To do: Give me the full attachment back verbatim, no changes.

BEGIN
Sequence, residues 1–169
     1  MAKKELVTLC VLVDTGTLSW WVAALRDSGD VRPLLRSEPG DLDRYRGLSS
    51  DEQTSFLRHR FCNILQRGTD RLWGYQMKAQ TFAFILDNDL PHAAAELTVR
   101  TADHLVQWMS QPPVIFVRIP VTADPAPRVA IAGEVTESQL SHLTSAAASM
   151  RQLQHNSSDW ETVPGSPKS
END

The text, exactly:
Sequence, residues 1–169
     1  MAKKELVTLC VLVDTGTLSW WVAALRDSGD VRPLLRSEPG DLDRYRGLSS
    51  DEQTSFLRHR FCNILQRGTD RLWGYQMKAQ TFAFILDNDL PHAAAELTVR
   101  TADHLVQWMS QPPVIFVRIP VTADPAPRVA IAGEVTESQL SHLTSAAASM
   151  RQLQHNSSDW ETVPGSPKS